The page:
Do you love warm food in the morning? Or are you a cold cereal person? Either way, quinoa, and oats are two great options for breakfast. While oats have been traditionally used to make breakfast oatmeal, quinoa is a great substitute and can also be used in making a similar type of breakfast dish. With both of these options for breakfast, which is the healthier option, does quinoa or oats provide more health benefits?
This post will break down your questions and compare the nutritional and health benefits of these two whole grains.
Key Differences in Quinoa vs Oats
The main difference between quinoa vs oats is that quinoa has more protein, with8.1 g or 16% of the daily value per one cup serving, while oats contain5.9 g or 12% of the daily value. Quinoa is a complete protein source, while oats are not. Quinoa also contains more dietary fiber, which helps to support a healthy digestive system.
What is Quinoa?
Quinoa is a very popular superfood for those who eat a plant-based diet and those who are focused on healthier foods. Quinoa is an excellent source of protein and fiber while also being a good source of various other vitamins, minerals, and antioxidants, all of which give quinoa the title of superfood.
Although quinoa is “newer” to the United States, it’s actually a seed that has been eaten for thousands of years, dating back to the Incan Empire, when they were regarded as a sacred food and the “mother of all grains.” They are scientifically known as the plant Chenopodium quinoa.
While quinoa or quinoa seeds are nutritionally considered to be a whole grain, they are technically a seed, making them a “pseudo-grain.”
While white quinoa is the most common variety of quinoa you’ll find at the grocery stores, it comes also comes in red and black quinoa varieties. While they all have a similar taste, they have some slight variations in their texture and flavor.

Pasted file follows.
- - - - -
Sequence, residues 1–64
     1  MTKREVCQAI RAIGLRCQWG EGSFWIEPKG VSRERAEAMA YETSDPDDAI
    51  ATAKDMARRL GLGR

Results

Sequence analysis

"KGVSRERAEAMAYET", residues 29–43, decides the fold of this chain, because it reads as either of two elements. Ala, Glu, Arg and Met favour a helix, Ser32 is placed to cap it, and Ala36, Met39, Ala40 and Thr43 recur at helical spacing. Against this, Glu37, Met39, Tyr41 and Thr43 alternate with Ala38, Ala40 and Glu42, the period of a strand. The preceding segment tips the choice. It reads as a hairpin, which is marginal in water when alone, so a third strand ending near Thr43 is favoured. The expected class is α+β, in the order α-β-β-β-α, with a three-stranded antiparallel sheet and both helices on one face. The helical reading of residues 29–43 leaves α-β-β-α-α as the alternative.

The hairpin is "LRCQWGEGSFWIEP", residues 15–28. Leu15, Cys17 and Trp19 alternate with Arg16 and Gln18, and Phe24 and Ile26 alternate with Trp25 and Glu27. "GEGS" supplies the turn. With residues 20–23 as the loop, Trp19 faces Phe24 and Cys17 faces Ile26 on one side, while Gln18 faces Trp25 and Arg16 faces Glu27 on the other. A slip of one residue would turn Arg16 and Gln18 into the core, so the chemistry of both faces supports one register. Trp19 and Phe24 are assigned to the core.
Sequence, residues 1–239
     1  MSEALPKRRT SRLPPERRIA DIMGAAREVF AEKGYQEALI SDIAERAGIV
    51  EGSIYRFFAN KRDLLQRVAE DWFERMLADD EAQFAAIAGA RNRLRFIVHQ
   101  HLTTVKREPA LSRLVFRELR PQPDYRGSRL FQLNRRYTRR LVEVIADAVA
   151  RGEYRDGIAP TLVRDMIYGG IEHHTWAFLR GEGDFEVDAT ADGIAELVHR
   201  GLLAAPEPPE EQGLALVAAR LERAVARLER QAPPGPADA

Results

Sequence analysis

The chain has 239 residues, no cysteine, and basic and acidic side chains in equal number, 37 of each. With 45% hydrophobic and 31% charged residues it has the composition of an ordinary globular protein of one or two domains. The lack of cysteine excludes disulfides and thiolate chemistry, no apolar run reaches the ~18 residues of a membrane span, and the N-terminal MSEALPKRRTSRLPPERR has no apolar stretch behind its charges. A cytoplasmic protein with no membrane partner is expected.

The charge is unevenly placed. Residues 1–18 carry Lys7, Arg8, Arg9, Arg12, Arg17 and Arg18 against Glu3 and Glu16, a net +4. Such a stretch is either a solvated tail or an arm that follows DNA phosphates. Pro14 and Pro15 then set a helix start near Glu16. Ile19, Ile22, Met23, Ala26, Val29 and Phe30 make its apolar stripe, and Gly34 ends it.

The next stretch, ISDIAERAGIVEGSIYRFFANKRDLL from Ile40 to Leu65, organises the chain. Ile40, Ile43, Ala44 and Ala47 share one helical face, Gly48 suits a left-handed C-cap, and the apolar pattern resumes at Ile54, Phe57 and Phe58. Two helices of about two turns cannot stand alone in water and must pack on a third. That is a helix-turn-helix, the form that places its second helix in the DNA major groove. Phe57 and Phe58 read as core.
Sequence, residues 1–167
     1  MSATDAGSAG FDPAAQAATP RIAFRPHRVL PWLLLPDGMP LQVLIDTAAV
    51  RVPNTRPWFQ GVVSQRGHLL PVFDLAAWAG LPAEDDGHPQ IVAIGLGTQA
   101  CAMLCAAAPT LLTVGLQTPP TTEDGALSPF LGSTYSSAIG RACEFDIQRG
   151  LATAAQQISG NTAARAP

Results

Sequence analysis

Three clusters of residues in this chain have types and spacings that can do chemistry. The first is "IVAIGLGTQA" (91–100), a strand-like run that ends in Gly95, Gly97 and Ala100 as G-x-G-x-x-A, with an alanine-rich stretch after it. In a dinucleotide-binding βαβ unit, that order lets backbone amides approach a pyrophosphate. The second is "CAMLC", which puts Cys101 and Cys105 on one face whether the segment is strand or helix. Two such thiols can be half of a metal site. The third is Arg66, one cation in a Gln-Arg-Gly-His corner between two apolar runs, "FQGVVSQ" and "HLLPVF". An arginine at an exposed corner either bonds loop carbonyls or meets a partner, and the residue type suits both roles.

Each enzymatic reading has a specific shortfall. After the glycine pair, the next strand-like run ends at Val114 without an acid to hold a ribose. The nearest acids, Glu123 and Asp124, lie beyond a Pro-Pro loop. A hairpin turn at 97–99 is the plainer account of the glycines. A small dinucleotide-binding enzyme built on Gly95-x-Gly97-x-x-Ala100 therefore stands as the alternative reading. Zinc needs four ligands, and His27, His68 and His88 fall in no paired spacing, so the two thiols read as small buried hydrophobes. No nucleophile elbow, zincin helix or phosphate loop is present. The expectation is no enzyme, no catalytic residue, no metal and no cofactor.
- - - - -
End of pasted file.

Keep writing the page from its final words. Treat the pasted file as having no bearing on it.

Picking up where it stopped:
The thing that sets quinoa aside from several other grains and pseudo-grains, including oats, is that it is a complete protein source containing all nine essential amino acids. One cup of cooked quinoa contains approximately 8.1 grams of protein.
Quinoa is naturally a gluten-free food and a great option for anyone with celiac disease, gluten sensitivity, and those on gluten-free diets. While quinoa is naturally gluten-free, if you have Celiac disease, have a gluten allergy, or are on a strict gluten-free diet, don’t forget to look for the certified gluten-free stamp.
Quinoa has an overall bland taste, with a slightly nutty flavor, making it a versatile grain that can easily be substituted for oats, rice, and other grains. It cooks up fluffy, with a light, chewy texture.
Quinoa can also be found in a variety of gluten-free products, such as quinoa flakes, bread, and other gluten-free products, making it a great gluten-free option.